State v. Walter Bash, HUGE WIN in the SCSCt on a Fourth Amendment Claim, and Reaffirming the Sanctity of the Curtilage.
UPDATE: On March 15, 2017, the South Carolina Supreme Court substituted this opinion to clarify that circuit court did not rely on the officers’ subjective intent to determine whether the officers conducted a search, and that the officers’ objective purpose is the proper inquiry. YAY! THE GREAT WIN STAYS IN PLACE!
Excellent win by Susan Hackett of the Office of Indigent Defense! Here, the police received an anonymous “tip” that “drug activity” was occurring at a rural home in Berkeley County, SC. The police threw on their gear and headed out there. They noticed some men in the backyard area near a pick up truck, and rode up on them there. There was a small utility shed in the backyard, too, along with a grill. When the police came into that area of the yard, one of the officers testified he saw one of the men throw down what appeared to be cocaine, and another man exited the truck and ran into the wood. An officer pursued that person. Meanwhile, another officer looked into the truck, and saw what appeared to be cocaine scales and cocaine base (crack). Based on this, Bash was indicted for trafficking cocaine.
The circuit court at Bash’s trial suppressed the drugs finding an unreasonable search and seizure because law enforcement lacked a warrant, and the area was part of the curtilage of the home. The State appealed that order (of course), and the South Carolina Court of Appeals reversed that finding and remanded the case for a trial. Bash appealed that, and the South Carolina Supreme Court granted certiorari. The Court then reversed the Court of Appeals.
The Fourth Amendment protects people’s rights to “be secure in their persons, houses, papers, and effects, against unreasonable searches and seizures.” US Constitution Amendment 4. This area also extends to the curtilage of a home. State v. Herring, 387 S.C. 201, 209 (2009) (citing United States v. Dunn, 480 U.S. 294(1987) and Rogers v. Pendleton, 249 F.3d 279 (4th Cir. 2001).
Law enforcement entered the curtilage of Bash’s home without a warrant. Curtilage can include “outbuildings, yard around dwelling, garden.” State v. Wiggins, 330 S.C. 538, 548 n. 15, 500 S.E.2d 489, 494, n. 15 (1998). Our Supreme Court found there was evidence in the record to support the circuit court’s finding that this area was curtilage. The area included a grill, and a shed. There was also a clothes line in the area. The road that led to this area, although it was a public road, was a short dirt road that only reached a few residences. Large trees provided a natural barrier.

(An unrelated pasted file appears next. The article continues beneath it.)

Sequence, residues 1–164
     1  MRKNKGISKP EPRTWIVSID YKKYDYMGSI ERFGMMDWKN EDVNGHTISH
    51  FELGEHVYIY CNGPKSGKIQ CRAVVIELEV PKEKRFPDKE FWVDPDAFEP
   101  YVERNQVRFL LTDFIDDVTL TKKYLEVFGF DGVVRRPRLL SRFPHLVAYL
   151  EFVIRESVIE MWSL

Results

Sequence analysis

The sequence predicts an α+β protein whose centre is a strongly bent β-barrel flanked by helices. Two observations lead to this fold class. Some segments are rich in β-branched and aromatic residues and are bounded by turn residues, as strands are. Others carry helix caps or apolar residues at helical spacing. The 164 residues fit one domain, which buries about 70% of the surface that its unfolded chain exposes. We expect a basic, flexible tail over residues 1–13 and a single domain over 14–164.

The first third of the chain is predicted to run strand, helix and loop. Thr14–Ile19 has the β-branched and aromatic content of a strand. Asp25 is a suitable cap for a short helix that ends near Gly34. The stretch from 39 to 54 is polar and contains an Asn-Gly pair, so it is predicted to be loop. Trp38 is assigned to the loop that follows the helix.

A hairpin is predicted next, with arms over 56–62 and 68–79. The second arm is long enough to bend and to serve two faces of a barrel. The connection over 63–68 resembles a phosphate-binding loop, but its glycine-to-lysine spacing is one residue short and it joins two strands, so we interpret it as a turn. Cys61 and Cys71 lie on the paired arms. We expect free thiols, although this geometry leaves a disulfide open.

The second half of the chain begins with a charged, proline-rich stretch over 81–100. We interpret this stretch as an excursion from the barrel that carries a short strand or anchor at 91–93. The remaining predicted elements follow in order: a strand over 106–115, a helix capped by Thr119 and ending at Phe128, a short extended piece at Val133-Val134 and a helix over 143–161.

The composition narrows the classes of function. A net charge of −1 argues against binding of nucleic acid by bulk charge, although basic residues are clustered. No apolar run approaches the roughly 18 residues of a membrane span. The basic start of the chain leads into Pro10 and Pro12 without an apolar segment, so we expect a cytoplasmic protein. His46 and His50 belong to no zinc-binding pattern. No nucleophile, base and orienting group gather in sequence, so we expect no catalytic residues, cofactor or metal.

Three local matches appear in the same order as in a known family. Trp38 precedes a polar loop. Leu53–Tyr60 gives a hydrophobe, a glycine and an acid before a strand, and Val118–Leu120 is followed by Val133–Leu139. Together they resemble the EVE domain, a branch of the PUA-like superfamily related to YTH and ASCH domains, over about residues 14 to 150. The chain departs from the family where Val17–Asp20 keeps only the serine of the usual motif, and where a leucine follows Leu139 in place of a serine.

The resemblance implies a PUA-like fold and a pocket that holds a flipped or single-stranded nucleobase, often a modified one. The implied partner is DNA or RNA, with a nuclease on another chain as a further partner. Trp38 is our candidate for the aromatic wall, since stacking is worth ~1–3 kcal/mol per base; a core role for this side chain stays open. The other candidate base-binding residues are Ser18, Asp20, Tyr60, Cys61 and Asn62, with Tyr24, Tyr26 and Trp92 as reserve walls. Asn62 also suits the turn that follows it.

The United States, in Dunn, identified four factors that courts should consider in deciding whether an area is part of the curtilage of a home:
Drawing upon the Court’s own cases and the cumulative experience of the lower courts that have grappled with the task of defining the extent of a home’s curtilage, we believe that curtilage questions should be resolved with particular reference to four factors: the proximity of the area claimed to be curtilage to the home, whether the area is included within an enclosure surrounding the home, the nature of the uses to which the area is put, and the steps taken by the resident to protect the area from observation by people passing by.
Id. at 301.
In short, the Court found this area was protected Constitutional space, and the police invaded it without a warrant. As a result, the fruits of that search had to be suppressed. The opinion then details what it identified as the factual and legal errors made by the Court of Appeals when they initially reversed the circuit court judge. Also of note is footnote 8 in which the Court makes it clear that it is basing its result on its Fourth Amendment analysis, and declined to analyze this case under the South Carolina Constitution’s privacy provisions contained in Article I, Section 10.
Excellent opinion, all around. In South Carolina, a person’s home remains his or her castle for another day!